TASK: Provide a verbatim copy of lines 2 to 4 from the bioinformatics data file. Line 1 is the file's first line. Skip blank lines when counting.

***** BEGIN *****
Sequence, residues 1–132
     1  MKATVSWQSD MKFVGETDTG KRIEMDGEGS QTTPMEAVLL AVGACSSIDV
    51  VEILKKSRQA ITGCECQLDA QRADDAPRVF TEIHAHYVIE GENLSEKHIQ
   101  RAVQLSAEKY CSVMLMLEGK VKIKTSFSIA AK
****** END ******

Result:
     1  MKATVSWQSD MKFVGETDTG KRIEMDGEGS QTTPMEAVLL AVGACSSIDV
    51  VEILKKSRQA ITGCECQLDA QRADDAPRVF TEIHAHYVIE GENLSEKHIQ
   101  RAVQLSAEKY CSVMLMLEGK VKIKTSFSIA AK